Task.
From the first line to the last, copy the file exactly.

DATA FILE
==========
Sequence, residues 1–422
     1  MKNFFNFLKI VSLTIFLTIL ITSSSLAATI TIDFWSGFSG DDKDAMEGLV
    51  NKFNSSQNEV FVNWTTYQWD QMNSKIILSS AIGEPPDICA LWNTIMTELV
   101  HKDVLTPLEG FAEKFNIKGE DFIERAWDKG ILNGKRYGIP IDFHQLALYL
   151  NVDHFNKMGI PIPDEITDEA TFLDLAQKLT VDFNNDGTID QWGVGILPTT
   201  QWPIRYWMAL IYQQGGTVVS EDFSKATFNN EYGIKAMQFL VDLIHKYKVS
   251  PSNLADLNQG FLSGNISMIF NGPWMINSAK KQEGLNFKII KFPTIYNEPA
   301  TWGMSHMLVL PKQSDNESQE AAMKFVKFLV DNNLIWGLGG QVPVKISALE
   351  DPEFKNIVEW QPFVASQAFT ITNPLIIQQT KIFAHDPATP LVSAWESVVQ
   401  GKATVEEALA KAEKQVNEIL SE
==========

Sequence, residues 1–422
     1  MKNFFNFLKI VSLTIFLTIL ITSSSLAATI TIDFWSGFSG DDKDAMEGLV
    51  NKFNSSQNEV FVNWTTYQWD QMNSKIILSS AIGEPPDICA LWNTIMTELV
   101  HKDVLTPLEG FAEKFNIKGE DFIERAWDKG ILNGKRYGIP IDFHQLALYL
   151  NVDHFNKMGI PIPDEITDEA TFLDLAQKLT VDFNNDGTID QWGVGILPTT
   201  QWPIRYWMAL IYQQGGTVVS EDFSKATFNN EYGIKAMQFL VDLIHKYKVS
   251  PSNLADLNQG FLSGNISMIF NGPWMINSAK KQEGLNFKII KFPTIYNEPA
   301  TWGMSHMLVL PKQSDNESQE AAMKFVKFLV DNNLIWGLGG QVPVKISALE
   351  DPEFKNIVEW QPFVASQAFT ITNPLIIQQT KIFAHDPATP LVSAWESVVQ
   401  GKATVEEALA KAEKQVNEIL SE